- Constitutional Law (the second half of a year-long course)
- Decedents' Estates (the study of what to do with grandma's piano when she dies, i.e., wills, estates, fiduciary administration, etc. I see this as a class that every law student should take; at the very least, I want to be able to prepare a simple will for a friend or family member)
- Basic Income Tax (the bane of law school for most students, and not a topic that I want to try to learn while cramming for the bar)
- Trial Practice (my most anticipated class so far; offers actual experience in preparing for and presenting all phases of civil and criminal litigation, from voir dire -- the fancy name for questioning the jury pool -- to examining witnesses and handling opening and closing statements)
- Law Review (second half of a year-long commitment; worth one credit hour; great way to take care of the writing requirement for graduation)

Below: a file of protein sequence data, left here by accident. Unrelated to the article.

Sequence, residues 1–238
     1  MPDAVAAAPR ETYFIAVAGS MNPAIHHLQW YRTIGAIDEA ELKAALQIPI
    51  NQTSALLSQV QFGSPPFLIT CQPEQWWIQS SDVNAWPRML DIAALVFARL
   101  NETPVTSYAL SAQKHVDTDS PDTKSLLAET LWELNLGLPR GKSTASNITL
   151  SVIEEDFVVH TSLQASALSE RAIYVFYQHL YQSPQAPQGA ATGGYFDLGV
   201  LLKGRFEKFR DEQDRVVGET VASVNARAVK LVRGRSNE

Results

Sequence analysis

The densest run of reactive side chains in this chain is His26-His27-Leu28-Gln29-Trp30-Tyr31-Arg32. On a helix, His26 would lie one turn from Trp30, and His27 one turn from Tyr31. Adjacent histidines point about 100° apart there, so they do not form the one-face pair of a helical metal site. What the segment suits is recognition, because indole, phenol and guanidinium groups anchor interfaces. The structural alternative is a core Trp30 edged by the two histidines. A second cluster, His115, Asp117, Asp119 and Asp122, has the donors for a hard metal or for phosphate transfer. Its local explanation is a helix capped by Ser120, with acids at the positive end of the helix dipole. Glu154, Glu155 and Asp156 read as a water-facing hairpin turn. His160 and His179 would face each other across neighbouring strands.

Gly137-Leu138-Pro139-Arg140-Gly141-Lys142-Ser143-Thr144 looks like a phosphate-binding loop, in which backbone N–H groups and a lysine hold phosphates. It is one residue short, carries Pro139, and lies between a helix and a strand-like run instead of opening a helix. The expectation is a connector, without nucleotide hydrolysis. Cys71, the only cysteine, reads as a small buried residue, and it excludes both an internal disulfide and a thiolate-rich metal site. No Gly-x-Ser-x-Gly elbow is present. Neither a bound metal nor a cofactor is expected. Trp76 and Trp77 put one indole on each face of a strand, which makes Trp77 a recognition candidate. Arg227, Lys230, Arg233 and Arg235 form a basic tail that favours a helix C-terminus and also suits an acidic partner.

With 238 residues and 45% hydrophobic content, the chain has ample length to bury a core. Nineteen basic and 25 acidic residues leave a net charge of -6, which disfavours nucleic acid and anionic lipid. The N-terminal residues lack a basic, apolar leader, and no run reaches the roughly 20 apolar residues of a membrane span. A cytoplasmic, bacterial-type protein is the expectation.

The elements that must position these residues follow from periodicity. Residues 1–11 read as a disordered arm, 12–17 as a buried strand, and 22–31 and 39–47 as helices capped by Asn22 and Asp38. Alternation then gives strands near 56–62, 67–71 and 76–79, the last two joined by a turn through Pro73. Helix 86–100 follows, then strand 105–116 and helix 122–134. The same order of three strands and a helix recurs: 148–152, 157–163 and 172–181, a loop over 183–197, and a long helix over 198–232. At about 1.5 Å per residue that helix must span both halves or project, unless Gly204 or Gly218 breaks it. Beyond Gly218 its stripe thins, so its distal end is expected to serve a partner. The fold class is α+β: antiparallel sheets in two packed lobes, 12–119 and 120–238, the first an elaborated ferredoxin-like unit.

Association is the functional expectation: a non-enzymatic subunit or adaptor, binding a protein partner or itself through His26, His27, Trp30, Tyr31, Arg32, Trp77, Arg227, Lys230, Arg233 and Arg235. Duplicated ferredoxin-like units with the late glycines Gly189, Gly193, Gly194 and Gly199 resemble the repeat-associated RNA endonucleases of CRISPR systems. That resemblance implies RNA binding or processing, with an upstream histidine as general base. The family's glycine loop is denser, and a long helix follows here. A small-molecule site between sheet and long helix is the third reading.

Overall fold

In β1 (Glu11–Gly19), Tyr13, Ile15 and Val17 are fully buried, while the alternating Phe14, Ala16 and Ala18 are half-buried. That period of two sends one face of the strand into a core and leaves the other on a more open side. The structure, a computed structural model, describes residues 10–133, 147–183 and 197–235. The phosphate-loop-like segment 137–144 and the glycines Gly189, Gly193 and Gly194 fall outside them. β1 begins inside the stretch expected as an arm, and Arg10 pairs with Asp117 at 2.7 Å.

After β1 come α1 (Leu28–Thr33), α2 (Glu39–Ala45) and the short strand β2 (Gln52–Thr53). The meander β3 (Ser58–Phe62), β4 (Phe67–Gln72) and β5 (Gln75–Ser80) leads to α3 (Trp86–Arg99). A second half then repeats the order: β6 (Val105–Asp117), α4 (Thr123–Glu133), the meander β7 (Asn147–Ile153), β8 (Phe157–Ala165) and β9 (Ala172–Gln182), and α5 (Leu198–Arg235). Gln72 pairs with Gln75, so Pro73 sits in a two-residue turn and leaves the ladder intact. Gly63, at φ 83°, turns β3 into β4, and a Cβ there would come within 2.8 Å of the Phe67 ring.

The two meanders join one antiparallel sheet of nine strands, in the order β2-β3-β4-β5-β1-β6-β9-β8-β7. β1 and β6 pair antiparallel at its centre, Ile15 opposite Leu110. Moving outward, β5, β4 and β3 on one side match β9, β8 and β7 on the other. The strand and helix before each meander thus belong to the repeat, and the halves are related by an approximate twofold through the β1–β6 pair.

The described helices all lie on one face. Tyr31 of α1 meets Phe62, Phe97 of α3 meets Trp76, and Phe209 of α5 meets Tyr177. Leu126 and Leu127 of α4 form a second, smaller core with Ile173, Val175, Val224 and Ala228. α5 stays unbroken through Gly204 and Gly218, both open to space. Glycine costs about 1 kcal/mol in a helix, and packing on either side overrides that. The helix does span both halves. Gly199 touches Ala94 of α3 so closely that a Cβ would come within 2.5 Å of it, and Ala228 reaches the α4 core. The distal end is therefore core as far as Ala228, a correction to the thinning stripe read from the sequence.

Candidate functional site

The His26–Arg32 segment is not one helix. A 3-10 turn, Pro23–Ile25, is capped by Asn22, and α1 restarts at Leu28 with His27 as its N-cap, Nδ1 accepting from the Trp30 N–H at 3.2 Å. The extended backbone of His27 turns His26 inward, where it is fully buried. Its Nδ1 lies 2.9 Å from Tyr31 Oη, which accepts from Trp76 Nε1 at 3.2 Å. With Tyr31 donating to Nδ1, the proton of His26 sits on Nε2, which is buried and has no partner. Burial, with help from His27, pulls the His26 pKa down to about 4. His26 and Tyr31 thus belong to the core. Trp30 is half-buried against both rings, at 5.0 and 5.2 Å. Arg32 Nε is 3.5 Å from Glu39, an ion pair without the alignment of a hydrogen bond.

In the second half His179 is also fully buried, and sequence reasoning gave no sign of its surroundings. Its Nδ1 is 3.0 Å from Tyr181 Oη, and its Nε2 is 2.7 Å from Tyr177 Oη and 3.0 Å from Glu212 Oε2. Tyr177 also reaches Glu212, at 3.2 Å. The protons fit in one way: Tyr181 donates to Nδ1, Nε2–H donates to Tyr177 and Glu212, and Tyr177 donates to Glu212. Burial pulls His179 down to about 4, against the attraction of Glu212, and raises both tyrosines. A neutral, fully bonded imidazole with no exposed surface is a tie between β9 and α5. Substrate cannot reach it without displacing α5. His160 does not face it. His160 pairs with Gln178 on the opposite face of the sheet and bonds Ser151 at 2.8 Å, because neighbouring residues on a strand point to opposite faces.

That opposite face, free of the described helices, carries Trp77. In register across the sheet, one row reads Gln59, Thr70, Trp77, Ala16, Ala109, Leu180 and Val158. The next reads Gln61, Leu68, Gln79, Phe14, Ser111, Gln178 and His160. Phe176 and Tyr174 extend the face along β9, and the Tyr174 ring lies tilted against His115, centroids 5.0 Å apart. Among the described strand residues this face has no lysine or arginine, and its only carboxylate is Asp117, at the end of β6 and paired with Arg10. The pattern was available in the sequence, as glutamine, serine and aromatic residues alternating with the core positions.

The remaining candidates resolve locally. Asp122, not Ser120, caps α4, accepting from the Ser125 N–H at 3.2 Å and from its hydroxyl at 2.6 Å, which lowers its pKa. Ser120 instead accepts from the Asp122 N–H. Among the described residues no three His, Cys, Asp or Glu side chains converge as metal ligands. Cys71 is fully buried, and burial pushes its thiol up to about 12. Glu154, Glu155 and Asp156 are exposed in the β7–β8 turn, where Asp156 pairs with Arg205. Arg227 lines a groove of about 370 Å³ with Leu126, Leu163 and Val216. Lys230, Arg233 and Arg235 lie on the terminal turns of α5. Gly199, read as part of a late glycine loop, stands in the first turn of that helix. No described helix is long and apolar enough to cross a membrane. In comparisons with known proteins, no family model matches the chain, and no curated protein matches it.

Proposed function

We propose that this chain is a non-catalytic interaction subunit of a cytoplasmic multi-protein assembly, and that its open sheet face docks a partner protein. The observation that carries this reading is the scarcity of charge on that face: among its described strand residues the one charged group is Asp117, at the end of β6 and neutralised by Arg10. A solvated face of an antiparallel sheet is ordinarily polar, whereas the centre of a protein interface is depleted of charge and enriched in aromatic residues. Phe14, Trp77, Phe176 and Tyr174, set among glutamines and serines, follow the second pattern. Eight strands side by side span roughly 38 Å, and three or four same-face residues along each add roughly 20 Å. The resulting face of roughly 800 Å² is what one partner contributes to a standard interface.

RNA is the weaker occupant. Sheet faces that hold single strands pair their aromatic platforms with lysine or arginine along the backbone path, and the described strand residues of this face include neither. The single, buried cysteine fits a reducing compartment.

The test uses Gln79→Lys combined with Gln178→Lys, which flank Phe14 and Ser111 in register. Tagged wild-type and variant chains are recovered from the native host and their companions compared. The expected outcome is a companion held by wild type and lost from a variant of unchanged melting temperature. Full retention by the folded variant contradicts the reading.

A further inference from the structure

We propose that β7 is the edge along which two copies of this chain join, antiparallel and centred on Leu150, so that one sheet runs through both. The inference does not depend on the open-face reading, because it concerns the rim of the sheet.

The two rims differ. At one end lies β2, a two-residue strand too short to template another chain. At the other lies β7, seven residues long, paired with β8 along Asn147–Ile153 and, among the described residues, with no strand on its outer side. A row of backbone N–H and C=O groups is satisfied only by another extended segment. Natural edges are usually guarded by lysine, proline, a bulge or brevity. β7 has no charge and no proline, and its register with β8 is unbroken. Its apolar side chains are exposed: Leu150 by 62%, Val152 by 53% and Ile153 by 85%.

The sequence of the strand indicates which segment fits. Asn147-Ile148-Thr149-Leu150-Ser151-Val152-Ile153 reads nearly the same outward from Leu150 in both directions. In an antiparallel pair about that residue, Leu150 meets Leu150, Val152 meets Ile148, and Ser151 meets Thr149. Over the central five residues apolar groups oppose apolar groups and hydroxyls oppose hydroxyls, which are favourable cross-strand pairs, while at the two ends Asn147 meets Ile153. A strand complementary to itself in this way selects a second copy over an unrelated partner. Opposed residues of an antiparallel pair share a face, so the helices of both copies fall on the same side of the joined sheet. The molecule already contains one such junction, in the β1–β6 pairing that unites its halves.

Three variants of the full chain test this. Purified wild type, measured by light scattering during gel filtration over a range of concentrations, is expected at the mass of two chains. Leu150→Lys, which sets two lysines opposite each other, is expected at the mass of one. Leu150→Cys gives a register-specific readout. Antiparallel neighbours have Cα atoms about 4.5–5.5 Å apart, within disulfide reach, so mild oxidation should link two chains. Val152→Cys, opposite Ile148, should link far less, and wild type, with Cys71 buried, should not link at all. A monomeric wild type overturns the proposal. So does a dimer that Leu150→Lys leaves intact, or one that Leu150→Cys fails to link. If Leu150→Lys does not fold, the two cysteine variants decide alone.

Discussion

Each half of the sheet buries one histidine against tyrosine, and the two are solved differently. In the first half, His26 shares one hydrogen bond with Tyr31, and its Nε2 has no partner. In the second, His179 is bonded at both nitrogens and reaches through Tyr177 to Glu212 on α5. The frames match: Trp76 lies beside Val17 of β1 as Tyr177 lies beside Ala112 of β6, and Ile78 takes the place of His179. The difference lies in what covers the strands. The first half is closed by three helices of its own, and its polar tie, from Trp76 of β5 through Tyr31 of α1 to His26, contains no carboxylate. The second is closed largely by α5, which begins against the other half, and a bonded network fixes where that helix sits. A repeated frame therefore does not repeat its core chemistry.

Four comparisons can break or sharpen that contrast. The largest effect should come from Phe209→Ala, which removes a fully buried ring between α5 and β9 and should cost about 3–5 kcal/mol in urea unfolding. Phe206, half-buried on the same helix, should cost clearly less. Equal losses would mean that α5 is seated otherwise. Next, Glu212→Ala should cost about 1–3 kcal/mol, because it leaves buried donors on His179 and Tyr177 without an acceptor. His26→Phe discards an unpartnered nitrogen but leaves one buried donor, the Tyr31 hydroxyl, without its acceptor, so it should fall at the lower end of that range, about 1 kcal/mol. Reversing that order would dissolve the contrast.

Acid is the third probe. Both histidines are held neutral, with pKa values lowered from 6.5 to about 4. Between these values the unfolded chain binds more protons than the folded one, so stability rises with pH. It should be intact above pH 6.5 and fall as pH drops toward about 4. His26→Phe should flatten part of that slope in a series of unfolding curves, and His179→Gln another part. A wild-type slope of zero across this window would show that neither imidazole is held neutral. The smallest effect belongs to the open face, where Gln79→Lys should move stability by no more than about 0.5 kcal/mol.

Prospective law students should keep in mind that, at U of L and at most law schools, you can't pick your classes until your second year. After that, you can swing for the fences, as long as you cover your core subject areas, fulfill the writing requirement, and take at least one "perspective" class. Want to see what other courses are available for upper-level law students at Louisville? You can click here to check out the full schedule.